A Constitution Bench of Supreme Court in' Amireddi Raja Gopala Rao Vs Amireddi Sitharamamma,'  AIR 1956 SC 1970 , held that claim of an

'Avaruddha Stree or Woman kept in Concubinage for maintenance for her life time against estate of her paramour rested on express text of Mitakshara, Ch.2;, Vs 27 and 28 read with V.7 and approved by Full Bench decision of Bombay High court in 'Akku Prahlad vs Ganesh Prahlad', AIR 1945 Bom 217(FB), Where in it was held that a married woman who left her husband and lived with paramouras his permanently kept mistress could claim status of an Avaruddha Stree by remaining faithful to her paramour, though connection was adulterous, and was entitled to maintenance from estate of paramour so long as she preserved her sexual fidelity to him. There is no word ' Concubine' or kept Mistress ' in Section 14 of the Act, but it clearly reads that ' any female Hindu' -

Therefore, acquisition by a female Hindu of any property in any capacity in view of a pre-existing right would undoubtedly fall under Section  14 (1). Therefore , property , when gifted in favour of concubine by her paramour during his life time in lieu of her maintenance under estate in view of her pre-existing right when the Act came into force. (Singamsetty 'Narayana Vs Konatham Lakshmma' , AIR 2012 AP 54; 2012 ( 2) ALD 74 ( DB) .

In Prakash Vs Pushpa Vani 2004 AIHC 2976 ( AP); AIR 2004 NOC463(AP); 2004(3)ALD 858, the concubine liver with her paramour till his death - A house was purchased by him for her separate residence and she was allowed to reside in house for a considerably long time - He also executed a Will in the year 1959 to the effect that concubine is entitled to be in possession and enjoyment till her death and thereafter it should go to his adopted son - Considering that under  the Sastric Hindu Law , a concubine has pre existing right of maintenance against her paramour,  the High Court applied Section 14(1) of the Act and held that her limited right to maintenance got enlarged into an absolute estate and therefore subsequent Will executed by her in favour of Plaintiff was valid- It was further held that - 'Under Section 14 of the Act , the word used is 'Hindu Female' but not ' Hindu Widow' as used in Hindu Women's Right to Property Act- Under the Explanation to this section , any female Hindu  who acquired or possessed any property  either before or after the Commencement of the Act, is entitled to exercise the full ownership rights over the property and not as a limited owner. From the above explanation , it is made clear that any property acquired by female Hindu in lieu of Maintenance , apart form other forms of acquisition of property gets enlarged as an absolute estate.

Even if the property is given to a Hindu Female , in view of her pre existing right even after the Act came into force, it becomes absolute property notwithstanding the limits or restrictions contained in the Instrument.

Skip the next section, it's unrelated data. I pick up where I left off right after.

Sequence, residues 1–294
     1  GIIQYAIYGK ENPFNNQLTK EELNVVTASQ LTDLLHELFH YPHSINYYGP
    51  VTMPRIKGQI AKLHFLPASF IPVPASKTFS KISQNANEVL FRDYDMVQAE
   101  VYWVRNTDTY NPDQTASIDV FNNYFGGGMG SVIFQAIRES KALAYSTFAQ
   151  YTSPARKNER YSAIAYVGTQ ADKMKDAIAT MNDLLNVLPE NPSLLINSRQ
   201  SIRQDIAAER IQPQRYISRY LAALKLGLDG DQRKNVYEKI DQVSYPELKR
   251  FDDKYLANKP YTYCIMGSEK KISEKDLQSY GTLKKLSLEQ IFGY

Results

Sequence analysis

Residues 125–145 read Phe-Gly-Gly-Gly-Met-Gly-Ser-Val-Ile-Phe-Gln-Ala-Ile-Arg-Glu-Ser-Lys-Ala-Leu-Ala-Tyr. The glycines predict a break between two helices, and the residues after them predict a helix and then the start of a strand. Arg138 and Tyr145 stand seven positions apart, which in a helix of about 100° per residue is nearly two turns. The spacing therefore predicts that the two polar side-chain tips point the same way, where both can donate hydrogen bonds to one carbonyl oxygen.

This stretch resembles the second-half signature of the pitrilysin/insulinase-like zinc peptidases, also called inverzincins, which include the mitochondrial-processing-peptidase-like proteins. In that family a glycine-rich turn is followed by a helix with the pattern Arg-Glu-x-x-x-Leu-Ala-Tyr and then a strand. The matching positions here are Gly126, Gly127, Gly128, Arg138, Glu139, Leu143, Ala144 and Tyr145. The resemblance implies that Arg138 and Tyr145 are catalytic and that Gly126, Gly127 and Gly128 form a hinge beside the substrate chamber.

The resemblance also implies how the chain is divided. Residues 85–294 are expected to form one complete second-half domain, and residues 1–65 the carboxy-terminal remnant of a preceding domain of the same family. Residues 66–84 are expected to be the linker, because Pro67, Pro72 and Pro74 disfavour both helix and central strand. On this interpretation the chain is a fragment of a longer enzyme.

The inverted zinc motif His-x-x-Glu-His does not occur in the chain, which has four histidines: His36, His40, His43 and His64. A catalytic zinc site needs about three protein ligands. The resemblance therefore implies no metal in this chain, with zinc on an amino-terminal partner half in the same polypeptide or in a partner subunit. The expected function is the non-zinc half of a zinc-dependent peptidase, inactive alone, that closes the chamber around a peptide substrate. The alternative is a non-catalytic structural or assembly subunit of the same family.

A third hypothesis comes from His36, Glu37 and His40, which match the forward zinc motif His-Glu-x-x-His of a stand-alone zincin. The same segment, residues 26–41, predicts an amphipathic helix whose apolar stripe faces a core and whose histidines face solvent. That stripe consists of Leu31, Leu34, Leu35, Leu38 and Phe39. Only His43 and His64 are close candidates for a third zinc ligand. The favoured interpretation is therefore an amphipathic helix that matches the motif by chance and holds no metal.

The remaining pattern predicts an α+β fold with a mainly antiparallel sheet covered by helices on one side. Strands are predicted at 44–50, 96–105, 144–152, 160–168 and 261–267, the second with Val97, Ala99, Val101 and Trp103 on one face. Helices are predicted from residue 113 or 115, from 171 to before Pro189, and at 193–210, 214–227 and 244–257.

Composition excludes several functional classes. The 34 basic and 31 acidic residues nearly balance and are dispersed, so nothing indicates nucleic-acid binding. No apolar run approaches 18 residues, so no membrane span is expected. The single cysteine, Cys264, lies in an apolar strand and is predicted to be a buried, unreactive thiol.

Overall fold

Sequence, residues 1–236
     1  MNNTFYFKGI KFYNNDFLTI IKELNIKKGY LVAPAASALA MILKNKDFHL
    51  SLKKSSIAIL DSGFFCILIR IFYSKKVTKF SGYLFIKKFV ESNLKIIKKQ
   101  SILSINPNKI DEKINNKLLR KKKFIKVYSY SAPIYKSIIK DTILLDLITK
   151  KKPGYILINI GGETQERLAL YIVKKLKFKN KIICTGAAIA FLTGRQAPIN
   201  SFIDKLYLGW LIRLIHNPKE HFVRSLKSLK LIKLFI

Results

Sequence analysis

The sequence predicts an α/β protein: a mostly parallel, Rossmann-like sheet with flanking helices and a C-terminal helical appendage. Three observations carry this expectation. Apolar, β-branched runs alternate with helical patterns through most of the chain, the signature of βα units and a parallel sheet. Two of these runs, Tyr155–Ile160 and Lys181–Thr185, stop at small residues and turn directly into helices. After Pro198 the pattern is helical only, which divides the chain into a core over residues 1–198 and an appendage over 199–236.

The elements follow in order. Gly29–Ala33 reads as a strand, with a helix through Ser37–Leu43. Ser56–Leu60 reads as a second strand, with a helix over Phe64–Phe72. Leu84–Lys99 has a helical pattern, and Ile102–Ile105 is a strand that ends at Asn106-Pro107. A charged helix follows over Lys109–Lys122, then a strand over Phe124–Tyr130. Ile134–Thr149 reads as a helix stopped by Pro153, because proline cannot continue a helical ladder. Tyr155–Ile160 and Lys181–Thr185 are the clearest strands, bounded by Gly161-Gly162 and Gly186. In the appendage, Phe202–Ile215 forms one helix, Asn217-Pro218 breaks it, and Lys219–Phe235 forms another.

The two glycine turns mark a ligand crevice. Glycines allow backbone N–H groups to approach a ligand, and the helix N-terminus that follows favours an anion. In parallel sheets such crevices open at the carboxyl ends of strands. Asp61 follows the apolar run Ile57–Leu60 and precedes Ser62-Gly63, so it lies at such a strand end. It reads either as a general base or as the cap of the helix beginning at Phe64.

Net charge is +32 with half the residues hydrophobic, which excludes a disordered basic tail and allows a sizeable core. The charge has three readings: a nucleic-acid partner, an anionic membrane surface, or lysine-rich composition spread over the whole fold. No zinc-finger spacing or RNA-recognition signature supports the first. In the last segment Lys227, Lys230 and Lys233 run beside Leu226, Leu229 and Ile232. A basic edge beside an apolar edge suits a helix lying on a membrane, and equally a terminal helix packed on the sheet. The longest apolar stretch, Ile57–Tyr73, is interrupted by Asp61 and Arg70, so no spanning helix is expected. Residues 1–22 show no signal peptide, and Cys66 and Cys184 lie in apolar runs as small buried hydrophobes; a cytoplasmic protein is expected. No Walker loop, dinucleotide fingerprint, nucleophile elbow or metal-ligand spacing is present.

In Mangama Vs MB Subbramappa Nayanimvaru, AIR 1994 AP 147, a Division Bench of the High Court of AP , while holding that right given to a Hindu Female as permanent mistress in a compromise Decree over a portion of house that was given to her as life estate falls under Section 14(1) of the Act, and gets enlarged into absolute estate, observed -

'The right of mistress to remain in possession of other portion of the house was integral with her right to claim life estate which was granted in recognition of her pre-existing right as the permanent kept mistress. Such a right acquired by her mistress to be in possession of the other portion fall within the ambit of subsection (1) of Section 14 of the Act and outside the purview of the exclusionary provision contained in sub- section (2)of Section 14. Merely because the compromise decree prescribed a restricted estate as regards the other portion there is no warrant to conclude that the other portion of the property fall within the ambit of Section (2).The right of flowing from compromise decree in favour of the mistress was not conferred for the first time nor was it without any pre-existing right. The compromise decree incorporates the pre-existing right of maintenance as the permanent kept mistress of late Hindu male, subsection (2) of Section 14 of the Act is therefore not attracted. As the mistress acquired the right to be in possession of the portion of the house before commencement of the Act, her right as a limited owner has enlarged into an absolute one under sub-section (1) of Section 14 of the Act'

Source: Hindu Succession Act

"Loved reading this piece by PROF. SURYA SIVA PHANINDRUDU?
Join LAWyersClubIndia's network for daily News Updates, Judgment Summaries, Articles, Forum Threads, Online Law Courses, and MUCH MORE!!"

Tags :

Category Others, Other Articles by - PROF. SURYA SIVA PHANINDRUDU 


Post a Suggestion for LCI Team
Post a Legal Query